Among those in the audience in Hainan were Nepal President Ram Baran Yadav, Sri Lankan President Maithripala Sirisena, Indonesian President Joko Widodo, Malaysian Prime Minister Mohammed Najib, Ugandan President Yoweri Museveni, Zambian President Edward Lugu, Qatari Prime Minister Abdullah al-Thani, and India’s Tata Industries chairman emeritus Ratan Tata. Australian Governor-General Sir Peter Cosgrove, who normally represents Queen Elizabeth II in Australia, also attended, representing an unusual high-level, albeit ceremonial, Australian presence at the Chinese forum.

The presence in Hainan of leaders who have committed to the Shanghai Cooperation Organization, an «anti-NATO» bloc of Eurasian nations, indicates that countering U.S. and NATO expansion and the anti-Russian moves by Washington were discussed even though the subjects were not on the official agenda.

Present at Boao were Armenian President Serzh Sarsgyan, Austrian President Heinz Fischer, Kazakhstan Prime Minister Karim Massimov, and Brazilian Supreme Court Chief Justice Ricardo Lewandowski, as well as Russian First Deputy Prime Minister Igor Shuvalov.

American allies and friends at the Boao Forum included Dutch Prime Minister Mark Rutte, Swedish Prime Minister Stefan Löfven, and Thai Foreign Minister Gen. Tanasak Patimapragorn. There was no high-level U.S. government presence at Boao.

However, Microsoft founder Bill Gates and U.S. business entrepreneur Elon Musk were present.

At the Boao Forum, Xi outlined China’s support for the Maritime and Silk Road (MSR) projects for which China has already anted up $40 billion in the Silk Road Development Fund.

The Silk Road encompasses a number of branches, including the Bangladesh-China-India-Myanmar corridor (BCIM) and the Pakistan-China Economic Corridor, which connects Pakistan and China through Pakistan’s Azad Kashmir province.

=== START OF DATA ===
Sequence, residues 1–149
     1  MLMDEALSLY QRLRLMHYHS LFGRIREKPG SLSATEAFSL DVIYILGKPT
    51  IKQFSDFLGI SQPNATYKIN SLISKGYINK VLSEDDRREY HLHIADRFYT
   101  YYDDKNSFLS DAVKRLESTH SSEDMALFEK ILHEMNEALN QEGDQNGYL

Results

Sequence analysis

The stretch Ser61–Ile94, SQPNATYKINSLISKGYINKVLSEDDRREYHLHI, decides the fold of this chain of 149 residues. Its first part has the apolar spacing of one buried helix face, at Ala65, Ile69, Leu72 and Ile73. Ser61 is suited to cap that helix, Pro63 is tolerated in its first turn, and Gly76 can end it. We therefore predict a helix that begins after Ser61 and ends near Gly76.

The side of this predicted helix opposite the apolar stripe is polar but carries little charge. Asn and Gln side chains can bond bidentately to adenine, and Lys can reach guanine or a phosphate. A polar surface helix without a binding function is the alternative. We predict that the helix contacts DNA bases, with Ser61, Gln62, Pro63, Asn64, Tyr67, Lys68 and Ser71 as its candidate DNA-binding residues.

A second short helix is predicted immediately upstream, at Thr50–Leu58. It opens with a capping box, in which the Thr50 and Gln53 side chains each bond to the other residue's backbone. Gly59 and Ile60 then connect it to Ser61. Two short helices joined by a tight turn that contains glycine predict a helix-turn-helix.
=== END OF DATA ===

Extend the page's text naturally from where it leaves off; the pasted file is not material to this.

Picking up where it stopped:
The Maritime Route part of the Chinese project connects Chinese ports to those in Malaysia, Indonesia, Vietnam, India, Sri Lanka, Greece and Kenya. The United States, through its military operations in Southeast Asian region, has tried to wean Vietnam, the Philippines, and other nations away from China and into the U.S. orbit.

However, Washington, which has nothing financially to bring to Asia’s table, has been rebuffed by countries more interested in Chinese development money than in American warships, aircraft squadrons, and barracks full of U.S. Marines.

Even the government of Okinawa, which hosts a large U.S. military presence, has rejected plans by the Pentagon to build a new U.S. airbase on the island. Rather than a «pivot to Asia,» Washington’s policies have earned it a «pivot away from Washington and Tokyo» by the independent-minded governor of Okinawa, Takeshi Onaga.

In Washington, Lew told a congressional committee that he wanted assurances that the AIIB was committed to workers’ rights, environmental issues, and anti-corruption. This missive comes from an individual who was the chief operating officer of Citigroup’s Alternative Investments division, which helped hide Citigroup’s ill-gotten gains during the 2008 bank meltdown in such non-transparency tax havens as Bermuda and the Cayman Islands.

Lew also represents an administration that has implemented trade and energy policies that have been devastating to organized labor and the environment as witnessed by the movement of American jobs abroad and permitting renewed dangerous fossil fuel drilling in the devastated Gulf of Mexico.

However as unwanted as it is by Washington, the transfer of global financial control from Wall Street and City of London to the new development banks and funds of Beijing and Shanghai is a «fait accompli» in a recent article in «Global Times,» Cambridge University Senior Fellow Martin Jacques succinctly summed up Washington’s new dilemma, not only in Asia, but worldwide:

«The Americans have boxed themselves into a corner, increasingly deserted by all and sundry. As has been pointed out, they would have been better off joining the AIIB, but this was never a serious option because such a move would have been rejected by the US Congress . The AIIB is a classic manifestation of China’s economic power in the region and the kind of influence that it now exercises. The United States cannot compete with this: its offer in the region is military strength. But in the longer run, economic power trumps military strength, as we have seen so clearly demonstrated over the last two decades».

The world is recognizing that the era of «Pax Americana» is now over. Taking its place is a new «Pax Sinica» bolstered by support from the BRICS alliance and China’s new partners in the AIIB and New Development Bank.